Teddy bears bring comfort to children fleeing violence
Written by Rebecca Robichaud
In 1999, the then Illinois First Lady Lura Lynn Ryan delivered 2,000 PJ Huggabee teddy bears to help comfort the Kosovo refugee children temporarily living at Ft. Dix, New Jersey. PJ Bears were created in partnership with Marshall Fields - for each bear purchased a bear was given to a child in foster care. According to the press release First Lady Ryan stated that "The children and families of Kosovo left their homeland in such haste, they left many personal items behind. We want to welcome them to our country and give them a little bit of comfort after a long journey.”
I have a PJ bear- a gift from a friend many years ago. Like Ana’s Valentino teddy bear, my PJ brings me comfort. Ana’s blog about Valentino playing an important part in her advocacy for immigrant children gave me pause because I knew that PJ Huggabee was created to be more than just a teddy bear. PJ was meant to be a sign of comfort and hope to children and a way to raise awareness about the plight of children caught up in a system. But why is it that in 1999 the first lady of Illinois traveled to New Jersey to share PJ as a sign of welcome with Kosovo refugee children and in 2016 the child clients Ana and MIRC represent are largely ignored? No doubt there are a multitude of reasons. But part of the problem is lack of understanding of what these children and others from Central America are fleeing.
Just about a year ago, CNN reported on the continuing violence against women in Guatemala, citing a 2012 Small Arms Survey that found “gender-based violence is at epidemic levels in Guatemala and the country ranks third in the killings of women worldwide,” and the United Nations finding that two women are killed in Guatemala every day. Many children are fleeing gang violence. The Pew Research Center, citing U.S. Department of Homeland Security documents, reported on the dramatic increase in young (under 12) unaccompanied minors from Honduras, El Salvador and Guatemala noting the migration was largely the result of high rates of poverty and violence in their home countries. According to the Pew Research Center, gang and drug trafficking violence caused Honduras to have the highest rate of homicide in the world, with El Salvador not far behind. And the first part of 2016 seems to indicate the flow of children from these countries may again be on the rise. If you were a parent and your twelve year old child faced torture and violent death wouldn’t you want to send him somewhere safe? Why are we so hesitant to embrace these children?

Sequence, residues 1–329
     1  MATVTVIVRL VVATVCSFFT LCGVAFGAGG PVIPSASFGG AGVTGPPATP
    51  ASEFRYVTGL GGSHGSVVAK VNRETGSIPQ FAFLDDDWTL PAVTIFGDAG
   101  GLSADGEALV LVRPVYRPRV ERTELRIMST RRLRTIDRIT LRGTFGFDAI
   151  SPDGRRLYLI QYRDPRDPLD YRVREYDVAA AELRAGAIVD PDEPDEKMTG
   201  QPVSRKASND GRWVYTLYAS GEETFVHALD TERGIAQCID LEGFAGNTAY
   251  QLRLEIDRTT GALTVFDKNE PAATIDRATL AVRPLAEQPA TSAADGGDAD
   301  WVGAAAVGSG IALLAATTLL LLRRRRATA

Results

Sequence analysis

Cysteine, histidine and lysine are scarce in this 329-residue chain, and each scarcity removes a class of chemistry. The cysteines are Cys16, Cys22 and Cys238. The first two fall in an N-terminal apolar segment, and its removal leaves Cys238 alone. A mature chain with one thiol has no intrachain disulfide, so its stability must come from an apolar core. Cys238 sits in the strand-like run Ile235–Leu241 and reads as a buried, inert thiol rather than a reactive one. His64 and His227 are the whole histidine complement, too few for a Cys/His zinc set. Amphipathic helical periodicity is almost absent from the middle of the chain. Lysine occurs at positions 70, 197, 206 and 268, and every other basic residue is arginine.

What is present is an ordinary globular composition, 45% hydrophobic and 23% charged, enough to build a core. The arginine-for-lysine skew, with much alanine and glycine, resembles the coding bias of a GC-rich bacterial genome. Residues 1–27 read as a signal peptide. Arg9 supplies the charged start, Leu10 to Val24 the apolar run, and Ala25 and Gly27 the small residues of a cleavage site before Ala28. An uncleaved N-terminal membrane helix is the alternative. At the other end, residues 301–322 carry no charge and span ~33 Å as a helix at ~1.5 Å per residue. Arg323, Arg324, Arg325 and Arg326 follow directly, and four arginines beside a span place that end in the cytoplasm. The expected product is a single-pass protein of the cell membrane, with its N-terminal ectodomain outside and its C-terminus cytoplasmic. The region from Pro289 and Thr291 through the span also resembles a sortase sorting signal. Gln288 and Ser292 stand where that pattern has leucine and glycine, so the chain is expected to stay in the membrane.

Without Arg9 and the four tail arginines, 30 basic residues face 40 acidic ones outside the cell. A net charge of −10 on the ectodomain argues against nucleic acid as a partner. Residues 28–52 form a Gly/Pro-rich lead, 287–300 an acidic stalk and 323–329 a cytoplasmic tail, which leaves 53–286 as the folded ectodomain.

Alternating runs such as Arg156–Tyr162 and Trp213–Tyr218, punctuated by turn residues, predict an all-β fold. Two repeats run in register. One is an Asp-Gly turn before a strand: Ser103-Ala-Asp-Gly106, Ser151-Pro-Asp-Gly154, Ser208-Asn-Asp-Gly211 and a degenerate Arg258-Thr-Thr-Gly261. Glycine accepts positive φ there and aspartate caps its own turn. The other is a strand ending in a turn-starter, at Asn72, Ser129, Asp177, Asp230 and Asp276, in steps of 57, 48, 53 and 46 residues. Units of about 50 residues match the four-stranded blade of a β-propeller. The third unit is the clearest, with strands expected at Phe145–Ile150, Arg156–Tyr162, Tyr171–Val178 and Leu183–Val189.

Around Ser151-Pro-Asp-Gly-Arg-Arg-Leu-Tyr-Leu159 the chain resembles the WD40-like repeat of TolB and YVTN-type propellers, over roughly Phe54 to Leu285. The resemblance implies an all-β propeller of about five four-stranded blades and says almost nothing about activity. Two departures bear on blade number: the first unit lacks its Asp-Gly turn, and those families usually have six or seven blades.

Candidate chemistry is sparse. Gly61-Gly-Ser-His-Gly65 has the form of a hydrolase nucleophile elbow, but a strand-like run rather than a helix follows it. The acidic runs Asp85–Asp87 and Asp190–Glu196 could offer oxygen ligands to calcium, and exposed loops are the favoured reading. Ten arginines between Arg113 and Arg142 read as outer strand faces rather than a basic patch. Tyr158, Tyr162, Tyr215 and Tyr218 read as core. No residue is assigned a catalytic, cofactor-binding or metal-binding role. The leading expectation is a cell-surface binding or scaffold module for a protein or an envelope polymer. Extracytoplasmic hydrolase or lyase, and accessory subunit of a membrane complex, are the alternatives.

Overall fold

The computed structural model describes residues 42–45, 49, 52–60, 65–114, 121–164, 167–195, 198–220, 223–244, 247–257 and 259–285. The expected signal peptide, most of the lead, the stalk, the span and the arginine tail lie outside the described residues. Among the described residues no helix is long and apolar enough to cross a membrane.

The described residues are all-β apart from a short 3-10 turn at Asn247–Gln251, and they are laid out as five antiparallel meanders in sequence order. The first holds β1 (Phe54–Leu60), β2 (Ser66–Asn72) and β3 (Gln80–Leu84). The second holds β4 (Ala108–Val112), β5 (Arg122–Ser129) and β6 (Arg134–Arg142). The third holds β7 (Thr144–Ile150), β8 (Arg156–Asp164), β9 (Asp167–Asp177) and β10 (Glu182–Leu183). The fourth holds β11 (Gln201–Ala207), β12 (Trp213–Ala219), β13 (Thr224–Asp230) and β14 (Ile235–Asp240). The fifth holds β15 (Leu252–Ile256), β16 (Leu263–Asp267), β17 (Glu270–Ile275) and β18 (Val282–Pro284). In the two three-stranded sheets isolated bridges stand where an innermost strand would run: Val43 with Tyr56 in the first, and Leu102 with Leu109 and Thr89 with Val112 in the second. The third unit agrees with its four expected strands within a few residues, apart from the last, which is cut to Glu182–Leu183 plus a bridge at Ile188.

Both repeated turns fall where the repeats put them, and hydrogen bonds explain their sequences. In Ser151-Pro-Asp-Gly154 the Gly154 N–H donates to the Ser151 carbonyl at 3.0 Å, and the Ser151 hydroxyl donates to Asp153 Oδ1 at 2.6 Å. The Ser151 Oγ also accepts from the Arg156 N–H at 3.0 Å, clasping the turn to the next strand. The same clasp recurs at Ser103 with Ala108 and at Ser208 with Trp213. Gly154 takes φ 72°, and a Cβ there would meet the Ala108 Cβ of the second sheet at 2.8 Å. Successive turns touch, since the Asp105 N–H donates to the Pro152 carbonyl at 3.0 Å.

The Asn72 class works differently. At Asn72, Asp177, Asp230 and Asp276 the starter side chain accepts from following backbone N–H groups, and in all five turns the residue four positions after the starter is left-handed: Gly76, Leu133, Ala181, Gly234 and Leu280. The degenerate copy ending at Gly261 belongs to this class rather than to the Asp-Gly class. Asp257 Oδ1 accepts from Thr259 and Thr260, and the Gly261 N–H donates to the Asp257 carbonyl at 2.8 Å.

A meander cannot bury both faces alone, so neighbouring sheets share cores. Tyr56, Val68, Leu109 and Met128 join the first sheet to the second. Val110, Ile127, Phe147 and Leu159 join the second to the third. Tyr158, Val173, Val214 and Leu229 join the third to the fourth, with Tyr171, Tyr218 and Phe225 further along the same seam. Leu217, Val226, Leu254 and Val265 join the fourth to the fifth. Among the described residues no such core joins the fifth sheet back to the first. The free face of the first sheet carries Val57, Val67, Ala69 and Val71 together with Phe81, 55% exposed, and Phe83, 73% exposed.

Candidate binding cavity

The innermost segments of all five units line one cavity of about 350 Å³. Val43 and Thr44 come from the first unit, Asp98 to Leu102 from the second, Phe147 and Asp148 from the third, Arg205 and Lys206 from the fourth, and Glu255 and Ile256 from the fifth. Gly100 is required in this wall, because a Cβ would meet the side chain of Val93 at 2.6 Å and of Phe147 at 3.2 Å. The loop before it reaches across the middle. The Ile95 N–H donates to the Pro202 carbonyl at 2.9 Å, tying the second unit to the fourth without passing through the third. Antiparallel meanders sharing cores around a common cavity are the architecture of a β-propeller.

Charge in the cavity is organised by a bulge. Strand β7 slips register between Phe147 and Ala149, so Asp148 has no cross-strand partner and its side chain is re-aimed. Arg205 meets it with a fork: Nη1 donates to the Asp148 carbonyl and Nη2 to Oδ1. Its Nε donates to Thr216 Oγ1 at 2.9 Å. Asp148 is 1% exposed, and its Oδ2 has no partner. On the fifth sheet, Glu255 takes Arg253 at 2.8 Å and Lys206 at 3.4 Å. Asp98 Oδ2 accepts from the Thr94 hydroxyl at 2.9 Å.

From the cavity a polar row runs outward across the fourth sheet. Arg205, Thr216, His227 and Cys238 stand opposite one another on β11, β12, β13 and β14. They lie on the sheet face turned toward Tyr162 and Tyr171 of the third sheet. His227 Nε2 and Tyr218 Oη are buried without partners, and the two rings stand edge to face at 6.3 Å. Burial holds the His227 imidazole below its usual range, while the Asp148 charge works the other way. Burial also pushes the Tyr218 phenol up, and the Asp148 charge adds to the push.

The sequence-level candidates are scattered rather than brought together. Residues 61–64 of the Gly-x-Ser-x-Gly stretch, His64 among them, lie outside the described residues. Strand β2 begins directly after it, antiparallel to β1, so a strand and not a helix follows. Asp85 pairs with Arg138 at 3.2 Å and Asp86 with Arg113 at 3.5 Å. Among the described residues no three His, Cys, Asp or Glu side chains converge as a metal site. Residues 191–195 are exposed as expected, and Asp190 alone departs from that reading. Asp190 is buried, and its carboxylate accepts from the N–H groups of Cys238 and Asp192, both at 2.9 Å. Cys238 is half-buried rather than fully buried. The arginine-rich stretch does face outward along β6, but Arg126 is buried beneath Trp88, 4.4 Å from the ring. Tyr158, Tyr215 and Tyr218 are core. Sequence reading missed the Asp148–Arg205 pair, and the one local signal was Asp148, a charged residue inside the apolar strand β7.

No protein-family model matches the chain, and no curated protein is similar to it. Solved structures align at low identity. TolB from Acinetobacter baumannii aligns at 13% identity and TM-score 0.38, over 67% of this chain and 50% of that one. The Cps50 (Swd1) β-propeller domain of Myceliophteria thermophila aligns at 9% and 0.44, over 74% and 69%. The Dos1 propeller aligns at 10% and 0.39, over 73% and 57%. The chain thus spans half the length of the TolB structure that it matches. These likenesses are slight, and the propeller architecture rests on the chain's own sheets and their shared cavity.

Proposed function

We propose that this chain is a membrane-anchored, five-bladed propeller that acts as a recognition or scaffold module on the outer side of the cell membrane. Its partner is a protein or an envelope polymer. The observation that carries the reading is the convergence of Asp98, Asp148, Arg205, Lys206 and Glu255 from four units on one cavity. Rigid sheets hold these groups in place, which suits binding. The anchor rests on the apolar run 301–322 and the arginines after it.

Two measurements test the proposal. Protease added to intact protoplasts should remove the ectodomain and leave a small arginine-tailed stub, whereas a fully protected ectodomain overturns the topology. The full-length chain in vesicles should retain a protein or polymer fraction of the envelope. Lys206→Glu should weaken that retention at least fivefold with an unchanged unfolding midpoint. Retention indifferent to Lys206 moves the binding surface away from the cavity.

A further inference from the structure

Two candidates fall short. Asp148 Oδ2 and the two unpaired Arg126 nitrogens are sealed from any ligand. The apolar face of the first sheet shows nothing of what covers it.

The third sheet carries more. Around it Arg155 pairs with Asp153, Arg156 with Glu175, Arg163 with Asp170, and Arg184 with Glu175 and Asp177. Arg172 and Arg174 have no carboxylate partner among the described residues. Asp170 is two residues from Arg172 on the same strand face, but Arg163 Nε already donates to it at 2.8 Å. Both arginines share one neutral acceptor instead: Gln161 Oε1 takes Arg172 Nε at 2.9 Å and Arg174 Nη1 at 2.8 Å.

In our immigration debates, we spend so much time talking statistics and spewing numbers to document the immigrant population. But the children MIRC serves are a sad reminder that each number is a human being with a future, whom we can choose to help encourage and nourish- or neglect and abandon. Our system forces these children to behave like adults in the processes they must endure to obtain legal status in the United States.Telling and retelling to strangers the abuse and neglect they have suffered. As an attorney, I represent asylum seekers who are fleeing persecution in their home countries, and the work can be overwhelming. I have learned of forms of torture I never could have imagined existing and seen the marks of the unendurable suffering. So when I read Ana’s blog post about her teddy bear I felt moved to do something in my own small way to reach out and let these children know they are welcome and supported. By asking friends and family to donate teddy bears for these children I hoped to raise awareness of their plight and to provide a small sense of safety and comfort as these children continue down a path not of their making or their choice.